As LSM reported at the time, the first case was found in a woman who returned from Italy with her family. In the twelve months that followed there have been more than 86,000 confirmed cases, plus more than 1,600 deaths attributable to Covid-19.
Lai apstiprinātu faktu par pirmo saslimušo ar Covid-19 Latvijā, tieši pirms gada šajā dienā tika rīkota īpaša preses konference ar @veselibasmin vadību un @SPKCentrs ekspertiem. Pirmā saslimusī bija kāda sieviete, kas ar ģimeni atgriezusies no ceļojuma Milānā. pic.twitter.com/U156jQyawi— LTV Ziņu dienests (@ltvzinas) March 2, 2021
It took until March 13 for the government to declare its first state of emergency, which ran until the start of June. Having seemed to negotiate the first wave of coronavirus fairly successfully compared to the experience of many other countries, some restrictions were then eased with Prime Minister Krišjānis Kariņš saying: "Today is the last day when we have a state of emergency and tomorrow we will return in the direction of normal or everyday life, but with, nevertheless, some restrictions."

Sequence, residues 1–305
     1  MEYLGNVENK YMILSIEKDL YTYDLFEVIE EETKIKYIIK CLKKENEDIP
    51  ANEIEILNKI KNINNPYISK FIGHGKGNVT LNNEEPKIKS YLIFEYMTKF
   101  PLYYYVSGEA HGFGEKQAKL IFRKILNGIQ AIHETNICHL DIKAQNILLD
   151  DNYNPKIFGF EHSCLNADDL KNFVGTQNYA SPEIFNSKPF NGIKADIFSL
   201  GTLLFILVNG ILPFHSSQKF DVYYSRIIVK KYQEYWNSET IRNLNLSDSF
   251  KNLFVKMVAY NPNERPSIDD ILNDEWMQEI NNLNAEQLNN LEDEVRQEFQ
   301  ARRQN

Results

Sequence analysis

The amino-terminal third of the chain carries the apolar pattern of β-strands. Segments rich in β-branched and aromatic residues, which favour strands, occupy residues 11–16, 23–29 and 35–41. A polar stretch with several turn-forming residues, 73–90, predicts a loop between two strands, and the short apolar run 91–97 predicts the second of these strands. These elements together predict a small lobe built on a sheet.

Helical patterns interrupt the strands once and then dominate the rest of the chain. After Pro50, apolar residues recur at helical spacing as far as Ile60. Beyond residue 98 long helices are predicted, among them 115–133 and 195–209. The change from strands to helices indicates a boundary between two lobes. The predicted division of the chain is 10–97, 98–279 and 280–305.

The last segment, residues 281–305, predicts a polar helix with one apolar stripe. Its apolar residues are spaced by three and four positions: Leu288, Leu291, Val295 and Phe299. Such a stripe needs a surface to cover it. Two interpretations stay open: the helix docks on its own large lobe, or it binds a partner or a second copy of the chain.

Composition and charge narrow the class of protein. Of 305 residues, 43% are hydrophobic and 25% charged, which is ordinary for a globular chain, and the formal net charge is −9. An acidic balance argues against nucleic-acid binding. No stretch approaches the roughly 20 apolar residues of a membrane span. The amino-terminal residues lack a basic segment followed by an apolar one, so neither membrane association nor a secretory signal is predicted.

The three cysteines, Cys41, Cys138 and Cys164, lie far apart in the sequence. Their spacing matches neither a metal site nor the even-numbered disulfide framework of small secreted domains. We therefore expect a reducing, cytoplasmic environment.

May brought the upbeat creation of the "Baltic bubble" travel zone by Latvia, Estonia and Lithuania as a "mini-Schengen zone" that allowed greater freedom of movement than was possible in some other parts of the continent and allowed all three Baltic states to suggest they were doing quite well in containing the coronavirus.
By the middle of the year, officials and government agencies even started to boast of being "Ahead of the curve" and started to use Latvia's supposed success as the backbone of a national marketing campaign.
That hubris was quickly proven to be misplaced. Unfortunately, subsequent waves of the virus saw Latvia falling behind the curve by many metrics. By September the "Baltic bubble" had well and truly burst as the coronavirus spread more rapidly first in one country, then another.
One year on, Latvia's vaccination program is the second-slowest in the European Union, behind only Bulgaria. A new investigation by the Baltic Center for Investigative Journalism, Re:Baltica, suggests Latvia's vaccine procurement process has been chaotic.
Currently Latvia's 14-day cumulative morbidity rate per 100,000 of population is around 500, with only Estonia, Slovenia, Slovakia and Czechia registering higher figures. The EU average is around 280 cases, according to the European Center for Disease Prevention and Control and while morbidity rates do appear to be slowly declining and vaccination rates slowly increasing, there is already a fear that a third wave of the virus, potentially featuring more virulent strains than hitherto, may be imminent.